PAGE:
"I think we just might have to stock up on fresh vegetables before we leave town," Dean said, tossing back the covers. "But first, I need a shower. Did you eat?"
"Nope." Sam shook his head. "Been waiting for you." His stomach chose that exact moment to emit a long, rumbling growl.
Dean paused in his efforts to find clean clothes, twisted to look at Sam, and smirked. "I'll hurry."
The bathroom door shut with a click in response and Sam picked up the paper again. Two women had disappeared in the last two weeks and both had last been seen at the Saturday Market. Sam didn't believe in coincidence, not anymore. Something was definitely wrong in Waterloo.
True to his word, it hadn't taken Dean long to shower. They'd quickly packed up the room before hitting a drive thru and now they were parked, munching on breakfast sandwiches while they watched the locals setting up for the day's market.
It was a cold morning, the surrounding trees brown, red, and yellow, and the ground bore evidence of the early morning thunderstorm which had driven Sam out of bed. Despite the weather, there were several vendors setting up shop with everything from local produce, to homemade jams and scones, to teakwood furniture. People milled about with steaming cups of coffee, and other than one fight over what was apparently prime real estate, nothing struck him as out of place.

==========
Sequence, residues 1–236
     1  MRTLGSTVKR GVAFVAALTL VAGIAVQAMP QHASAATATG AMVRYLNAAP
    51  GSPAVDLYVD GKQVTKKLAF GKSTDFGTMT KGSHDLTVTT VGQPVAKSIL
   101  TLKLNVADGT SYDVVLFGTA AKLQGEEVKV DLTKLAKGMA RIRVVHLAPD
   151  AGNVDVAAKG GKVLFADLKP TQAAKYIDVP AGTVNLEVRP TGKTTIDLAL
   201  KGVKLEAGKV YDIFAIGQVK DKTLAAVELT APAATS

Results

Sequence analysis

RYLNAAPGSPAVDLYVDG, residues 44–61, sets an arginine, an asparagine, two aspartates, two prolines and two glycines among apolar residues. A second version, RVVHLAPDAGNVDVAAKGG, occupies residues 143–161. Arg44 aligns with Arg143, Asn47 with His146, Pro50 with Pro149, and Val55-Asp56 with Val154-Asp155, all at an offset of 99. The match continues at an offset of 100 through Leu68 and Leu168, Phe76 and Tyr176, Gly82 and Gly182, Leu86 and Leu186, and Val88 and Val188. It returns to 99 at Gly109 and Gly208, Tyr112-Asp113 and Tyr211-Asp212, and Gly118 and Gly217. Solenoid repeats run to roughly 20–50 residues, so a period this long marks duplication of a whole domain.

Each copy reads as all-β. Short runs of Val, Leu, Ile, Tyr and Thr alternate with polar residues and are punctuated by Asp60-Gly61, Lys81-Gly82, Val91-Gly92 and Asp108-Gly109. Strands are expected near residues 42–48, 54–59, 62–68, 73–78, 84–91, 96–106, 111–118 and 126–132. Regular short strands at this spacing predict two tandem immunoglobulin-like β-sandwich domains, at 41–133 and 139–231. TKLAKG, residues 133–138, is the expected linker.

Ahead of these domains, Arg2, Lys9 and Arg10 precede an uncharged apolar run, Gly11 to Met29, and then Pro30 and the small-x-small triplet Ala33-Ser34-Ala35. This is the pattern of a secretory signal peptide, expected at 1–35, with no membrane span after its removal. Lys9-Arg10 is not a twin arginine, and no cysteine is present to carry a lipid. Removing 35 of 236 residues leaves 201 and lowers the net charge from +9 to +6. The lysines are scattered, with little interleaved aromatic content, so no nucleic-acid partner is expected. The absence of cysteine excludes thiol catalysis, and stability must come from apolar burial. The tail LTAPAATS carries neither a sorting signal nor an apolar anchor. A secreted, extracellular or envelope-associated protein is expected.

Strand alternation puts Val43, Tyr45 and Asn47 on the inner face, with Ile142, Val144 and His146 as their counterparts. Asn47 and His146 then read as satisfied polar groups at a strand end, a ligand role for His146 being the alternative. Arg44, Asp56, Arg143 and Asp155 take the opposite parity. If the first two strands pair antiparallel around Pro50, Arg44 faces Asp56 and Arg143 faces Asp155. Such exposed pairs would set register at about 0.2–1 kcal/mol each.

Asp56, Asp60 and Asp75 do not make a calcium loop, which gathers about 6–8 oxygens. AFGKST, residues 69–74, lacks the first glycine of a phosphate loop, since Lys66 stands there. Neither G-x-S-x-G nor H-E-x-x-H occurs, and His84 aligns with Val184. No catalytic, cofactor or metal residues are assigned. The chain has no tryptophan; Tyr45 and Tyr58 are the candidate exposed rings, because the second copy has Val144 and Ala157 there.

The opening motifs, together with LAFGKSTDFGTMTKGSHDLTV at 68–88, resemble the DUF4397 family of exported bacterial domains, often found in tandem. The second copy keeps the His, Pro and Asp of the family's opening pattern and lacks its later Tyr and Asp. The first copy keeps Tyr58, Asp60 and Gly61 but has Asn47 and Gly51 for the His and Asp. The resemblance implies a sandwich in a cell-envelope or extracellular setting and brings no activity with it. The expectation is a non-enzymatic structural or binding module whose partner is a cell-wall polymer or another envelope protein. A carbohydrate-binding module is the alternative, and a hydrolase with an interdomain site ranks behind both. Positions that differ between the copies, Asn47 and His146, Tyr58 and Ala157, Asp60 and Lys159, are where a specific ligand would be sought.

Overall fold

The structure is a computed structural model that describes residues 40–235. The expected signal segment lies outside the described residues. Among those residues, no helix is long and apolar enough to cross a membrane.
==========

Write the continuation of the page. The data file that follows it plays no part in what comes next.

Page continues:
"That guy has seriously overestimated the need for pumpkins," Dean remarked, breaking the silence.
Sam followed his brother's gaze over to the stand in question. An entire wagon had been parked and it was brimming with orange gourds. "Well, it is Halloween, Dean."
Dean's head snapped around and he shot Sam a look of surprise. "Really?"
"Yeah," Sam said. It struck him as a bit ironic that his sweets-loving brother had lost track of the day. Sam had never liked Halloween. Their dad had always been withdrawn and moody, or drunk of his ass on Halloween. Given that it fell only two days before Mom's death, Sam certainly understood as he got older. It didn't make it any easier for any of them, but he did understand. He couldn't stop the sudden flare-up of pain as his thoughts naturally traveled to Jessica, but he quickly pushed it away. Now wasn't the time to wallow. He needed to focus.